A documentary on China, concentrating mainly on the faces of the people, filmed in the areas they were allowed to visit. The 220 minute version consists of three parts. The first part, ... See full summary »
Twenty-three years after L'Avventura (1960), Michelangelo Antonioni returns to Lisca Bianca Island. The rarefied atmosphere of Lea's disappearance is recalled by some audio excerpts from the original movie.
If this was a Hollywood film, starring a Rita Hayworth, it would be one of the famous ones. I don't like to use this line of thought but I find it apt here. The story is classic tragedy and the payoff in the end, the parting shot especially, overpowers like Sunset Blvd. It's only a footnote in the scheme of things then because we find it in the filmography of this particular director, a titan of cinema equaled only by a select few.
In an early scene here we get a marvellous sketch of how movies create their icons. The producer and director fuss over the young movie starlet in a rehearsal, telling her what to wear, how to move and kiss, how to exude sex appeal. The girl allows herself to be swept up in this, ostensibly because the promise of being a face in the crowd is alluring.
A few instances after rehearsing a scene where she makes out in a bed, we see her getting kissed by the man who pressingly courts her. Antonioni gives us a masterstroke here, framing the couple against a blank canvas, projected upon it we see the shadows of movie lights and a grip setting them up. Like the rehearsal scene that preceedes it, this too is a fabrication, orchestrated for a camera and audience.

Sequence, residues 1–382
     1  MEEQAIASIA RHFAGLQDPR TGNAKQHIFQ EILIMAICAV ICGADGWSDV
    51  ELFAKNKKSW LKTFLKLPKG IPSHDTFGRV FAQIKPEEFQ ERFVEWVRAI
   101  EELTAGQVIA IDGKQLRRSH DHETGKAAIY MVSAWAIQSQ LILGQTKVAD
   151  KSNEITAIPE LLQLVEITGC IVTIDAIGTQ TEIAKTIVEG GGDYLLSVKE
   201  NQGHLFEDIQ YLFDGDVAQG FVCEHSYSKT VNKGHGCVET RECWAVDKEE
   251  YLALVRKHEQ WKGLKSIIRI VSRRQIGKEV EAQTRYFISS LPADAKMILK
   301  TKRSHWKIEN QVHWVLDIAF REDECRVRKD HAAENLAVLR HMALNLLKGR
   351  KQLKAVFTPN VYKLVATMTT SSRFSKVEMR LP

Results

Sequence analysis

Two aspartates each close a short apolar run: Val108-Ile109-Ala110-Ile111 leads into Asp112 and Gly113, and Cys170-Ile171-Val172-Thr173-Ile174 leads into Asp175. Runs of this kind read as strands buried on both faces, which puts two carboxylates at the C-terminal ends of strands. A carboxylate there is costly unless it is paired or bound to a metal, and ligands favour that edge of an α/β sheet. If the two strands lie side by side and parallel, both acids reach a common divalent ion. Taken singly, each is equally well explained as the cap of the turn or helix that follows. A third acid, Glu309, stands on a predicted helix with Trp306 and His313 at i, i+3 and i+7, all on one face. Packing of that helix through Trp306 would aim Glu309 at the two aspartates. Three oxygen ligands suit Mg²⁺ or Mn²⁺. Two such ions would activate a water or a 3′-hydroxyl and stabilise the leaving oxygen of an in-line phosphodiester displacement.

A lot of the rest is melodrama, competent if sometimes iffy. It may seem outrageous by our standards that a girl will concede to marriage the way Carla does here, but perhaps it reflects the times. The marriage is overbearingly hopeless though, a picture of sadness.
When the film assumes power again for me, is when we see this young girl, shaped as a person by the movies, be broken by them. The scene builds up to a harrowing climax, with faceless crowds of extras waiting their roll call in a Cinecitta backlot, garish movie sets of sword-and-sandal flicks, the hubbub of movie people. Carla loses herself in this furore, once again allowing herself to be swept up.
The overwhelming sadness of the finale is not simply that she acquiesces to too much because, though weak-willed, she's not a ditz. She's quietly spirited but unsure, a fragile, delicate thing thrown in with the lions, having been torn by two men who used her for their desires. It's that Antonioni leaves her there, to a cruel, loveless fate, and she deserves better.
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